Most kinds of Christianity teach that your eternal fate depends on your state in the last moment of your life. If you live a nearly-flawless Christian life, but you sin ten minutes before dying and you don’t repent (Protestantism), or you commit a mortal sin and the priest has already left (Catholicism), you go to Hell. If you’re sinful all your life but repent in your final minute, you go to Heaven.

The optimal self-interested strategy is to act selfishly all your life, and then repent at the final moment. But if you repent as part of a plan, it won’t work; you’ll go to Hell anyway. The optimal strategy is to be selfish all your life, without intending to repent, and then repent in your final moments and truly mean it.

I don’t think there’s any rational winning strategy here. Yet the purely emotional strategy of fear plus an irrationally large devaluation of the future wins.

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The Uses of Fun (Theory)

Followup toProlegomena to a Theory of Fun

"But is there anyone who actually wants to live in a Wellsian Utopia?  On the contrary, not to live in a world like that, not to wake up in a hygenic garden suburb infested by naked schoolmarms, has actually become a conscious political motive.  A book like Brave New World is an expression of the actual fear that modern man feels of the rationalised hedonistic society which it is within his power to create."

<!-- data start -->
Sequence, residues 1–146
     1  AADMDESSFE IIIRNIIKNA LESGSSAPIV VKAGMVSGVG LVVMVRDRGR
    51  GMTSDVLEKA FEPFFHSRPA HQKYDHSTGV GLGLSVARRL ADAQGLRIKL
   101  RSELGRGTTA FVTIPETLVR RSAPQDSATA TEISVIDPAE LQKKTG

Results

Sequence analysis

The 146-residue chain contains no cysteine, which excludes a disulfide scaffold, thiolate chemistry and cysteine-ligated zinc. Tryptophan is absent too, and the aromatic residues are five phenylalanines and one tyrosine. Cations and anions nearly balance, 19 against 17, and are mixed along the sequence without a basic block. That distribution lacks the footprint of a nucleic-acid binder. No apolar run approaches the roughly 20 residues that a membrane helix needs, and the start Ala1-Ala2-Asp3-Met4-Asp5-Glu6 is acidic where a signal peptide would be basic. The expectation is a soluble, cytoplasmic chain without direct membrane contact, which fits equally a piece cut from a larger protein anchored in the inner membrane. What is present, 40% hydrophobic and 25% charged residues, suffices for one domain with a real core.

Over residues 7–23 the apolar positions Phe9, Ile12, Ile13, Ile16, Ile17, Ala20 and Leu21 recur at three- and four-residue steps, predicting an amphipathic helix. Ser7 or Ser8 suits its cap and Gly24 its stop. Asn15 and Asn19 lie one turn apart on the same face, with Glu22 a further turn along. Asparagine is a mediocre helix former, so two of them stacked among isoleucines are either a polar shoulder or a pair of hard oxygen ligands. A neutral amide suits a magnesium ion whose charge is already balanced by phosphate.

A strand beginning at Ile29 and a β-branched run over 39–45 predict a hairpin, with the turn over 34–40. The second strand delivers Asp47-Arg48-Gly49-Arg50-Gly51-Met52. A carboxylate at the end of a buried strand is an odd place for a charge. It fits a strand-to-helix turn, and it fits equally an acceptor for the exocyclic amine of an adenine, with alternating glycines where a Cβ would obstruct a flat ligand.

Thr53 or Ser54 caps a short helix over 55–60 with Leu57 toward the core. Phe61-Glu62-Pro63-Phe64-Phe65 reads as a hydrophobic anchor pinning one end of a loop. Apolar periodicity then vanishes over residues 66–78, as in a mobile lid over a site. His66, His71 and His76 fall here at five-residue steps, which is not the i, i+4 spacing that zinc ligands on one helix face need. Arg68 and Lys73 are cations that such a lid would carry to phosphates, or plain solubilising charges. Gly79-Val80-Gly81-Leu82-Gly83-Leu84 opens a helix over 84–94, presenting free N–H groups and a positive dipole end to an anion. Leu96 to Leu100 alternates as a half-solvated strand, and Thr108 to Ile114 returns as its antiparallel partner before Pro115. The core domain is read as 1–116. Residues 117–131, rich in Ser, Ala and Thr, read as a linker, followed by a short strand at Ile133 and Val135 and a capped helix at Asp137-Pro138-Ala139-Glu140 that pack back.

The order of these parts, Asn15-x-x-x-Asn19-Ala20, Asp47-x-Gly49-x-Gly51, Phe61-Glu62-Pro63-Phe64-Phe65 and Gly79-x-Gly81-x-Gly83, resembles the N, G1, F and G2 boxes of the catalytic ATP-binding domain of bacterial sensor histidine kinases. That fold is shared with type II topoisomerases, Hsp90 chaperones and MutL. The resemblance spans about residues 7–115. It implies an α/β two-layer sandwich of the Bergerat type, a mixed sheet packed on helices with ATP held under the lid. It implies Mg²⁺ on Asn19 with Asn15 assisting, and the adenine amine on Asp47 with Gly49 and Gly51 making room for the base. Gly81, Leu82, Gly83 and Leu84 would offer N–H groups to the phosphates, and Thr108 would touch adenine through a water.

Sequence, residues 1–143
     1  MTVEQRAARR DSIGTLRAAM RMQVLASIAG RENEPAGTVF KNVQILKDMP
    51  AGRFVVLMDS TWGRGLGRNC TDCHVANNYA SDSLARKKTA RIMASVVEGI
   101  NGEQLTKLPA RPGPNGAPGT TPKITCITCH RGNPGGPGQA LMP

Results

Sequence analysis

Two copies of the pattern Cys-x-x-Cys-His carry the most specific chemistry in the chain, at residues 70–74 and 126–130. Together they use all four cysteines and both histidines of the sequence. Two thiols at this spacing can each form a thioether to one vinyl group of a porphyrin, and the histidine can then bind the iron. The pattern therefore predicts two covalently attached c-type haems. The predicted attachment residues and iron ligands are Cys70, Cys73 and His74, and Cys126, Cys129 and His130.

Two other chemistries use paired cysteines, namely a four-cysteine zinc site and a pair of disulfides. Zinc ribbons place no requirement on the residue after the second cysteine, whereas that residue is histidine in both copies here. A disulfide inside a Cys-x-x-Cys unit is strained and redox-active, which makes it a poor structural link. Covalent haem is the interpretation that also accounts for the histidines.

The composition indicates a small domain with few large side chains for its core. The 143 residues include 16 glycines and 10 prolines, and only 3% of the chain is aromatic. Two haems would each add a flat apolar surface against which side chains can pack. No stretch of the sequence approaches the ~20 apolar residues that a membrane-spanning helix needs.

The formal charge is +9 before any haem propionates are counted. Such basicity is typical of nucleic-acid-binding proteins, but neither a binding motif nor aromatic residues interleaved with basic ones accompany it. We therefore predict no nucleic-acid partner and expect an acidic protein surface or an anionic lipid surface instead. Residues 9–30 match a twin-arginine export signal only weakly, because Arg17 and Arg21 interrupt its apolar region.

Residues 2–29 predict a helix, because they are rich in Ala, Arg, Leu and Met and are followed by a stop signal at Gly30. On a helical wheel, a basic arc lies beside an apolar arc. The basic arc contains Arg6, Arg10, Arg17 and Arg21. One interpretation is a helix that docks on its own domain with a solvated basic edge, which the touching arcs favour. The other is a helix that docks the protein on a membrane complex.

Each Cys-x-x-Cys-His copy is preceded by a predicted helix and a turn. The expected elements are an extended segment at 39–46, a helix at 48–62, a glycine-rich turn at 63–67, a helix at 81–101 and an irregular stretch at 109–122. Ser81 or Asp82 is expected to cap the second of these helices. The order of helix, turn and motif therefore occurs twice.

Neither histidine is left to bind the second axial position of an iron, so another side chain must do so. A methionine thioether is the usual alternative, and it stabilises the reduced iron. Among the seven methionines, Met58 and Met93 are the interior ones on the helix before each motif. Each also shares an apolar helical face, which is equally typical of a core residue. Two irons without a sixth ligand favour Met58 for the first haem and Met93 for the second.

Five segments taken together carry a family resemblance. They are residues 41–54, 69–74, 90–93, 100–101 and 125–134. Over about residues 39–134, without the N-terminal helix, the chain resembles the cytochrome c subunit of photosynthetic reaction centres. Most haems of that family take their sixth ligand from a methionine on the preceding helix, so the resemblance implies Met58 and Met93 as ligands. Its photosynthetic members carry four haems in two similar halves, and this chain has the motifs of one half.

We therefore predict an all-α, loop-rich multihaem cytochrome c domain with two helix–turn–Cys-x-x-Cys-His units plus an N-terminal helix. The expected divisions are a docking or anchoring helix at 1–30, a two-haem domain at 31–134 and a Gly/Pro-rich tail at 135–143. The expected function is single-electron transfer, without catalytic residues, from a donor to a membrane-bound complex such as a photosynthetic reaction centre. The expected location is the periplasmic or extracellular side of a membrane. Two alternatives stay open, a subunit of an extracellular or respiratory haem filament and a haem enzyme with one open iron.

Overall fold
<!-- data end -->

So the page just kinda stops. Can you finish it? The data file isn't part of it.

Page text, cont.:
— George Orwell, Why Socialists Don't Believe in Fun

There are three reasons I'm talking about Fun Theory, some more important than others:

  1. If every picture ever drawn of the Future looks like a terrible place to actually live, it might tend to drain off the motivation to create the future.  It takes hope to sign up for cryonics.
  2. People who leave their religions, but don't familiarize themselves with the deep, foundational, fully general arguments against theism, are at risk of backsliding.  Fun Theory lets you look at our present world, and see that it is not optimized even for considerations like personal responsibility or self-reliance.  It is the fully general reply to theodicy.
  3. Going into the details of Fun Theory helps you see that eudaimonia is actually complicated – that there are a lot of properties necessary for a mind to lead a worthwhile existence.  Which helps you appreciate just how worthless a galaxy would end up looking (with extremely high probability) if it was optimized by something with a utility function rolled up at random.